Yeah, and it's I mean like there are different ways that your sound has spread but I feel like it might even be like a third-degree where they don't even know, like another producer that they like was influenced by you, and then they liked that sound, and then just like dissipates.
Yeah, yeah, sometimes it's not even like directly and they don't even know it but there's a lot of...I mean yeah, there's sometimes it's like they're listening to something that somebody else liked, would have never made if it wasn't for certain music that we made and then it's like you know, it's definitely a trickle-down and it's not so direct.
Yeah, you definitely have a legacy on hip-hop, that's an impact that can only be traced back to you. Certain producers like change hip hop or influence it totally with their sound. On that same train of thought, what are some of the new artists that you listen to now, what are your personal tastes, as far as rappers these days?
I gotta think, I can't think off the top of my head... I don't stay too in-tune to stuff. Yeah, it's kind of like at this point it's just like so much access to so much stuff and it's kind of overwhelming. I don't really follow too closely but trying to think of some new artists…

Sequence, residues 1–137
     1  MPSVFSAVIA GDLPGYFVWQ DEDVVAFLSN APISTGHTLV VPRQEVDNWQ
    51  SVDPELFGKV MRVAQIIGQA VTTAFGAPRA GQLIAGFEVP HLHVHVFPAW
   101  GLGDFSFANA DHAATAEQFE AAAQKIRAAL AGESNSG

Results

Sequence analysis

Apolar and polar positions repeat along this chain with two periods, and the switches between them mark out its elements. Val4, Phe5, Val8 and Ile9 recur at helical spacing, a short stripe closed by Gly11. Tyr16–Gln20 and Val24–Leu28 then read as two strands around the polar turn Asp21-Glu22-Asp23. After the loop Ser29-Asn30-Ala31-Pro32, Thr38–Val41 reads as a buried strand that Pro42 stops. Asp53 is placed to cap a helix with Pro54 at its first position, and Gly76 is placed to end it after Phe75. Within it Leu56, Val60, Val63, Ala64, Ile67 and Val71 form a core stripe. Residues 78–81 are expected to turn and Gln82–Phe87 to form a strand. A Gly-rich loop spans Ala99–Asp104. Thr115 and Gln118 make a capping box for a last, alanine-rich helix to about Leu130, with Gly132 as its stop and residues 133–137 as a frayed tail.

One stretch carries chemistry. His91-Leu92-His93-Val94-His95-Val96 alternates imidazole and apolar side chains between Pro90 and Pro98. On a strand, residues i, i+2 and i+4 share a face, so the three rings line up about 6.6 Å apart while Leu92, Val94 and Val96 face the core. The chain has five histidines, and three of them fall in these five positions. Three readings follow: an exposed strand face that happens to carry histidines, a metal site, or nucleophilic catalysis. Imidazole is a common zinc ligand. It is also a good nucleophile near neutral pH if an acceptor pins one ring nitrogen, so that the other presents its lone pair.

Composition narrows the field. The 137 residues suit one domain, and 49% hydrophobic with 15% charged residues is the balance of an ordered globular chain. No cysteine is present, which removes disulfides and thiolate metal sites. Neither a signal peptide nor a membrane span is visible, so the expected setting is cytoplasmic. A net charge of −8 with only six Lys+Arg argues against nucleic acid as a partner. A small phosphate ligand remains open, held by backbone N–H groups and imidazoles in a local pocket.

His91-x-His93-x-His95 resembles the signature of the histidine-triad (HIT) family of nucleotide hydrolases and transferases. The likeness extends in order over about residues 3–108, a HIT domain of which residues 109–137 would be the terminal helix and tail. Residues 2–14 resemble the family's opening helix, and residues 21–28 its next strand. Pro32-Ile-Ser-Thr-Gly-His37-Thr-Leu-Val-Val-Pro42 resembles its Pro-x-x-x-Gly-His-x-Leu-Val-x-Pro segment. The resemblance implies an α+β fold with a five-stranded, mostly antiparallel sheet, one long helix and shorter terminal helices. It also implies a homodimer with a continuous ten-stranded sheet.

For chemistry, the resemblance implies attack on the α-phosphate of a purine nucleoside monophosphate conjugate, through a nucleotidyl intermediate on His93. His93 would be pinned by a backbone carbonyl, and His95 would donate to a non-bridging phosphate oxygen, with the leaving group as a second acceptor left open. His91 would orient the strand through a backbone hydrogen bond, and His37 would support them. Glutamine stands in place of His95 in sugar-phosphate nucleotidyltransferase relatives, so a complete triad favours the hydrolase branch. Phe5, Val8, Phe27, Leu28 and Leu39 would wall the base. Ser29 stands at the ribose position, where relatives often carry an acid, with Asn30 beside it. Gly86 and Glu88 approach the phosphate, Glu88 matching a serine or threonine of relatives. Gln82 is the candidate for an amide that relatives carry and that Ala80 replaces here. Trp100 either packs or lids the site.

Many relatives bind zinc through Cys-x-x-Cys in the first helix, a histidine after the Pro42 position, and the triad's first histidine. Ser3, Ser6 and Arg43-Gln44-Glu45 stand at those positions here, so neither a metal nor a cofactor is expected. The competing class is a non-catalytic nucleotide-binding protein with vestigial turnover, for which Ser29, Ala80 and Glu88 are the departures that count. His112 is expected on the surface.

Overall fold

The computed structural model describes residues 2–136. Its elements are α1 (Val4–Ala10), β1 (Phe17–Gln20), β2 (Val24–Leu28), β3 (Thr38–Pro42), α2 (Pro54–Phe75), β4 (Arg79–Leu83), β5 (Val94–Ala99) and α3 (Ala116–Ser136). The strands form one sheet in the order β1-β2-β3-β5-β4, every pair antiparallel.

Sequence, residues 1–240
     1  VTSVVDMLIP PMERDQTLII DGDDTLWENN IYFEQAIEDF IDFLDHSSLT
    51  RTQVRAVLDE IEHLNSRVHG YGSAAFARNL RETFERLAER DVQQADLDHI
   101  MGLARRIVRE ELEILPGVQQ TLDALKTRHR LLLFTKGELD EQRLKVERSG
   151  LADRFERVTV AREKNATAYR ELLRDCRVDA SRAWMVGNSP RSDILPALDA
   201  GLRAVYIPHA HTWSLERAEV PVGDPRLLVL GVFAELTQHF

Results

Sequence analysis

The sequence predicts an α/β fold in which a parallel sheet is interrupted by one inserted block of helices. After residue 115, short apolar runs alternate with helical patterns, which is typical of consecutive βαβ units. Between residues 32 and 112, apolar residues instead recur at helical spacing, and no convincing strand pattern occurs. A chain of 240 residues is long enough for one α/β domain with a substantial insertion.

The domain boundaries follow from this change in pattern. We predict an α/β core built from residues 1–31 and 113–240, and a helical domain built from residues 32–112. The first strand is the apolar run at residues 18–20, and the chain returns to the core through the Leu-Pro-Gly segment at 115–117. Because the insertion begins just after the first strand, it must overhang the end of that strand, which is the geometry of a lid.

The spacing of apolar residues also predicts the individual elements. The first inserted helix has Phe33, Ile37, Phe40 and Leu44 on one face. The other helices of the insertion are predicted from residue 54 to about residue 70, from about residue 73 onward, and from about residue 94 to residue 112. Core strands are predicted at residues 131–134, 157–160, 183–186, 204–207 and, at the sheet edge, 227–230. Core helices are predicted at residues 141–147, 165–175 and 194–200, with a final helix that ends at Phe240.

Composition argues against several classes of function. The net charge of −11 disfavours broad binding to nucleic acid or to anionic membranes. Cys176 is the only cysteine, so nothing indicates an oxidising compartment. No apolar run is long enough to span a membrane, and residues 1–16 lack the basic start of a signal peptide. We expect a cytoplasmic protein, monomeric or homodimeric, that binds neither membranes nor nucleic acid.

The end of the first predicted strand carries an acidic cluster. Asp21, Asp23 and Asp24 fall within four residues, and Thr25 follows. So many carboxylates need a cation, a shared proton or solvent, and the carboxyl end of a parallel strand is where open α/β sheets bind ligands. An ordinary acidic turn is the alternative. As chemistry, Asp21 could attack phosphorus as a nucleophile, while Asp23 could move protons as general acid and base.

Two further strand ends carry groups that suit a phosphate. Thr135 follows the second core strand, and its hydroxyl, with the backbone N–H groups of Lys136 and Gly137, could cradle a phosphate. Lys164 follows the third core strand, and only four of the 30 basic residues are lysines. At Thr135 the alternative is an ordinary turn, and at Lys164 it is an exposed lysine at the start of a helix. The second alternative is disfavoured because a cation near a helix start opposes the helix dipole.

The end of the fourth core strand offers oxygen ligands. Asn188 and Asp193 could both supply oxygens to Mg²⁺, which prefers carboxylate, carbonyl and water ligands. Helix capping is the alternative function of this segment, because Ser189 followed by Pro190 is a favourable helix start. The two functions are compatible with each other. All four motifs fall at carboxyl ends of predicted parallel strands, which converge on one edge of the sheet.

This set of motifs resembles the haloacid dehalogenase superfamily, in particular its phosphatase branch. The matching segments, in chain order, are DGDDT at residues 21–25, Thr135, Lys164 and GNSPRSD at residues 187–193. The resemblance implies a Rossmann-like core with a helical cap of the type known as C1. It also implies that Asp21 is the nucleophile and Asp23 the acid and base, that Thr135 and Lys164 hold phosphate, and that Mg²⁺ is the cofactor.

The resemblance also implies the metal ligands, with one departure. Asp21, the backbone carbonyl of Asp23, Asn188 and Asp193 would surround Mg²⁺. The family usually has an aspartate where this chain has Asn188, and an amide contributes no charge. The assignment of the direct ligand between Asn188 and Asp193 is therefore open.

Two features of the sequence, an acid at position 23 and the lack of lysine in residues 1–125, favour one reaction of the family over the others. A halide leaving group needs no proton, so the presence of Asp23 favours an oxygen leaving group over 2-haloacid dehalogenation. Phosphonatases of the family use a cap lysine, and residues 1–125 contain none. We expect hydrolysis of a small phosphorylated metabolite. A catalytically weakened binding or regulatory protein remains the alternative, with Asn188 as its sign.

Like I was saying before, Lil Peep in the last few years, that's not super new, but that was kind of one of the more later things that kind of inspired me to start thinking about stuff a little differently and like refreshing sounding, that was one of the more important ones I think for me. And also, Wicca Phase is another artist that felt like it was what I needed, something to restart my brain a little bit and just sound[s] new and kind of refreshing. Those are some of the guys in more recent [times], even though it's a few years now, but yeah, that's it. Those are kind of big ones for me.
Vivien Killilea/Getty Images